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Op-Ed: To protect wolves’ future is to protect our future

Albuquerque Journal, Carol Fugagli / Cliff Resident, August 27, 2014

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By Carol Fugagli / Cliff Resident

My family lives in Mexican gray wolf country along the banks of the upper Gila River in the Cliff-Gila Valley, three miles from the southern edge of the Gila Wilderness in southwestern New Mexico. We live simply, on a small milk-goat farm, growing most of our own food and selling, what we can, to our neighbors.

Our orchards and gardens are filled with free-ranging chickens, turkeys and ducks; and our hearts are filled with gratitude both for the lives we lead and the larger complex of life that surrounds and sustains us.

My son, Hawk, is home-schooled and we spend a lot of time outdoors.

When Hawk was 4, we went camping in the Gila wilderness. We got lucky.

Lying in our sleeping bags after dark, we both heard our first wolf.

“What’s that mama?” he asked, a little nervously.

“That’s life,” I thought. “That is life howling at the moon at the cutting edge of time. That, my dear child, is the opposite of nothingness. That is the antithesis of death. That is the deep past and the unknowable future held together by muscle and sinew and desire.”

“It’s a wolf,” I finally said, “and you are very lucky to hear one.”

“But aren’t you afraid,” he asked?

“No,” I said. “I’m not afraid of the wolf, or of mountain lions, or bears, or lightning, or poison ivy. But what I am afraid of is that the wolf that we just heard could be shot. I’m afraid that I will never hear that sound again. I’m afraid that the rivers will be dammed and the soil will be lost and that too many species of birds will disappear forever.

“I’m afraid that my neighbor’s hearts are too small. I’m afraid that most people have forgotten who and what they are. I’m afraid that you will grow up without knowing beauty or wonder.”

Well, OK, maybe I didn’t say all that, but he got the message.

He’s not afraid of wolves. Sweet boy, at 10 years old, he’s not even afraid of the future – at least not yet.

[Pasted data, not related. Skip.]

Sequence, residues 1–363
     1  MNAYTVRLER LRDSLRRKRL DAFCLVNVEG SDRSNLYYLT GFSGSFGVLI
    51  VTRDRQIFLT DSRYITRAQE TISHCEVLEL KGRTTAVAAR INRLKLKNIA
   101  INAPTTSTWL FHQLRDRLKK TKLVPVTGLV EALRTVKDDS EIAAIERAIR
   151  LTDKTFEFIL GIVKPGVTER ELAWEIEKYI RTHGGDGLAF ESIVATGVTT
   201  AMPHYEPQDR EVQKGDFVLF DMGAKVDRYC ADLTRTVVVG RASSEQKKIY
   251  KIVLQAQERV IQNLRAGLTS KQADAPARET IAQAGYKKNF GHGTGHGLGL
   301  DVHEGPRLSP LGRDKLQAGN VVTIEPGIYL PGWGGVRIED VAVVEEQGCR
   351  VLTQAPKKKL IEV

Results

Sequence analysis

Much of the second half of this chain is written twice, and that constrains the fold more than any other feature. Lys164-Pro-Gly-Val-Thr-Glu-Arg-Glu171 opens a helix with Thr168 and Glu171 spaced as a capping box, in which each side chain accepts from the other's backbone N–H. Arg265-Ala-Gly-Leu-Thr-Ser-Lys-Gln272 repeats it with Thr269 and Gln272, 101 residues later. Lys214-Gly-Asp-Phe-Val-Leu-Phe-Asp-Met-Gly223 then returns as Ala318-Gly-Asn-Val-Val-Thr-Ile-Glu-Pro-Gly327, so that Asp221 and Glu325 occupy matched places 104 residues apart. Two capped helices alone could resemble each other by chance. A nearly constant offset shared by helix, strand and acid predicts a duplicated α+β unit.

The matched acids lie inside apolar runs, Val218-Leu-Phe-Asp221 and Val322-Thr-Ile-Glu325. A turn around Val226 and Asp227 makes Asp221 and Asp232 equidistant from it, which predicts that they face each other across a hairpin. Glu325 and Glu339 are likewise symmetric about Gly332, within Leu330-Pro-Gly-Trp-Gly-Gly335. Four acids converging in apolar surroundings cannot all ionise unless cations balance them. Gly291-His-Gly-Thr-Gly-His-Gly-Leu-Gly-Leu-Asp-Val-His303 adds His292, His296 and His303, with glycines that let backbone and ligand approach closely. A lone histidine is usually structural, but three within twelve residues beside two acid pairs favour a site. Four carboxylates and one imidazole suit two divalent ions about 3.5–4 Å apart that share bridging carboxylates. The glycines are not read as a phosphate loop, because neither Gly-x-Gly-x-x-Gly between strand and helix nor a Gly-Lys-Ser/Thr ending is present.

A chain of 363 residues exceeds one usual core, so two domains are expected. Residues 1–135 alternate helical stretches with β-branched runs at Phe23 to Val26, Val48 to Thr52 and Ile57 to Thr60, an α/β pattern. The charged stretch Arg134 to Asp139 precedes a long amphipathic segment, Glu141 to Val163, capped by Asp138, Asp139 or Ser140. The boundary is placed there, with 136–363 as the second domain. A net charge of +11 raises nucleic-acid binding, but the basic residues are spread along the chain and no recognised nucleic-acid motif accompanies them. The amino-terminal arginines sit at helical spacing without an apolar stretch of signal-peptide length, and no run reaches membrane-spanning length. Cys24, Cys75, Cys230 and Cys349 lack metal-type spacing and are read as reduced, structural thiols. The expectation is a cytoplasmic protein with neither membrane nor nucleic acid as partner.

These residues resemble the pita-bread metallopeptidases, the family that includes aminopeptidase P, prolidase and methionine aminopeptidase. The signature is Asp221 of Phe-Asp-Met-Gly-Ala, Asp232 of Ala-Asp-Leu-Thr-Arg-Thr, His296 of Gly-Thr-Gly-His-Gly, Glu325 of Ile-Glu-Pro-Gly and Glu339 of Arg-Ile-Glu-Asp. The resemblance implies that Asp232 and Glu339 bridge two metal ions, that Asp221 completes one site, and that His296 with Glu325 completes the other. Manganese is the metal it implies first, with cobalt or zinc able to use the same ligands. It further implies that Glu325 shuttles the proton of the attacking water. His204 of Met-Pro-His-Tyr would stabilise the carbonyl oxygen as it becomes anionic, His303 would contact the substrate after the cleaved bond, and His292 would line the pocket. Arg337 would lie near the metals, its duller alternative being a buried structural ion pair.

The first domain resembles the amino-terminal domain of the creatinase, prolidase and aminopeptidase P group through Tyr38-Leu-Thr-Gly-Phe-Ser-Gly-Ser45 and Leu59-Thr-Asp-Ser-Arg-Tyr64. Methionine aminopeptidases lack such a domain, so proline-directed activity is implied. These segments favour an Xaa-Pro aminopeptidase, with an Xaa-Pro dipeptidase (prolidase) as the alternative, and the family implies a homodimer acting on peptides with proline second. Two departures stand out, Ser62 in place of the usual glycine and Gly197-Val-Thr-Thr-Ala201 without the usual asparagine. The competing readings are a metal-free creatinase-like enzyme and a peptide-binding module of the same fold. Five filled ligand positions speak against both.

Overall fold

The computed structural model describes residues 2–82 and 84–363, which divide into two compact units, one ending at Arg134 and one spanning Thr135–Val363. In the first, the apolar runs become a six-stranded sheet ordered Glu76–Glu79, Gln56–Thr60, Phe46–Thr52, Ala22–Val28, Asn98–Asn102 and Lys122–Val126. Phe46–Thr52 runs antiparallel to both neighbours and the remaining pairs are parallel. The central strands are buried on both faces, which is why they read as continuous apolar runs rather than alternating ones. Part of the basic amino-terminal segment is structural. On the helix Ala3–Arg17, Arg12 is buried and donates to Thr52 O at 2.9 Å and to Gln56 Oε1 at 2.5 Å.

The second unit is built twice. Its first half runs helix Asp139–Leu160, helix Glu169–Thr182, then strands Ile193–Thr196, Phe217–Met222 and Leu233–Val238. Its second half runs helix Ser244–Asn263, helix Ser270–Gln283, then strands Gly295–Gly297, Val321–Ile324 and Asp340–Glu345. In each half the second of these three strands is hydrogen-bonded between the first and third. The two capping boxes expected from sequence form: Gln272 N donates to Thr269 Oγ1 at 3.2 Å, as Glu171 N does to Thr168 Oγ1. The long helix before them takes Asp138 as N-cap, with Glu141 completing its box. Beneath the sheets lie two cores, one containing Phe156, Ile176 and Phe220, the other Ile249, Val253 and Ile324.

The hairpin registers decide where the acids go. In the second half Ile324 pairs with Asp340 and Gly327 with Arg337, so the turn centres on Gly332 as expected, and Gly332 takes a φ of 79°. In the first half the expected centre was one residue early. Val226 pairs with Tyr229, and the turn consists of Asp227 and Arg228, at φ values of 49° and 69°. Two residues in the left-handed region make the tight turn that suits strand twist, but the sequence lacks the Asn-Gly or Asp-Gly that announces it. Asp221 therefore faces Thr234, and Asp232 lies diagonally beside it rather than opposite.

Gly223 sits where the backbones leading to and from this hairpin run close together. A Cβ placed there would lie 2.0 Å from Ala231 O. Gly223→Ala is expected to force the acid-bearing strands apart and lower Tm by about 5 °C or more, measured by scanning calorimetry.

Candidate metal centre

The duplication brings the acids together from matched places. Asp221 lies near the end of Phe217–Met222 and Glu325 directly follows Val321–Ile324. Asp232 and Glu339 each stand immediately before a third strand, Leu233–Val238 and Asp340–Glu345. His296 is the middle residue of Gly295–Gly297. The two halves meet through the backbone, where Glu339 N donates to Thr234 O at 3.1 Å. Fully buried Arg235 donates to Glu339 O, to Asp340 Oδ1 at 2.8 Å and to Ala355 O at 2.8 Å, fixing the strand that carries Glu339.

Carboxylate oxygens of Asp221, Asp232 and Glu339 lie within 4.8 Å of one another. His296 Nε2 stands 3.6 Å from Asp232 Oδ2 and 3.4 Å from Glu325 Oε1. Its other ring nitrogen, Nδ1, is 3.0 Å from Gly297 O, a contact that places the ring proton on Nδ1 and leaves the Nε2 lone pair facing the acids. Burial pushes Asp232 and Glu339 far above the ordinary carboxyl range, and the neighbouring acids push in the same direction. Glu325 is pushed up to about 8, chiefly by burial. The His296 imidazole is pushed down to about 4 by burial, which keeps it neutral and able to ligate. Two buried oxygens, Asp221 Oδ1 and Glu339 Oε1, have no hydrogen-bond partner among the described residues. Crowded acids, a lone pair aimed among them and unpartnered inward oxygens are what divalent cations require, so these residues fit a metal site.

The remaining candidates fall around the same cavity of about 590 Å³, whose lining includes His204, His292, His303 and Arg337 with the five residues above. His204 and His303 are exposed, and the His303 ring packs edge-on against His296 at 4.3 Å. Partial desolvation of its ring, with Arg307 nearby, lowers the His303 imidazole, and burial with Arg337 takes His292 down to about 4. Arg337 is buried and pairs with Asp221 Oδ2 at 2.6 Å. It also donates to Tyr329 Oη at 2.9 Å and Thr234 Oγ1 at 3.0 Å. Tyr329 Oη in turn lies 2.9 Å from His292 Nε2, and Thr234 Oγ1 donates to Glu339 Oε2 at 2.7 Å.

“The great terror of our age,” wrote Loren Eiseley, “is our own conception of ourselves.” Yes, I care about wolves, but I care about my son even more, and I want him to know that the human heart is large, that our species is special because we get to choose who and what we are, that narrow self-interest, hatred and fear doesn’t have to define the human character, that the Endangered Species Act is not only about recovering the Mexican gray wolf, it’s also about recovering ourselves.

I understand that it’s hard sometimes to give the wolf or other listed species a free pass, especially when livelihoods are believed to be at stake.

But for me, the Endangered Species Act remains a sacred trust between my family and my government guaranteeing us that the diversity of life contained within our national boundaries will not be diminished by human agency.

The protections that the U.S. Fish and Wildlife Service could and should and must provide the Mexican gray wolf on its long road to full recovery is the people’s business. It’s my business.

They are working for me, and for Hawk, and for millions of other Americans who not only want a future filled with wolf song, but demand it under the law.

The Endangered Species Act is not the jack boot of big government. The Endangered Species Act is me. The jack boots are mine. I’m one who wants the world to stay alive.

I want Hawk to know beauty and wonder.

I am not afraid of wolves. But I am so very afraid of a future without them.

This Op-Ed was published in the Albuquerque Journal.

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Do you want a future with wolves?

ACT NOW!  Endangered Mexican Wolves Need Your Help!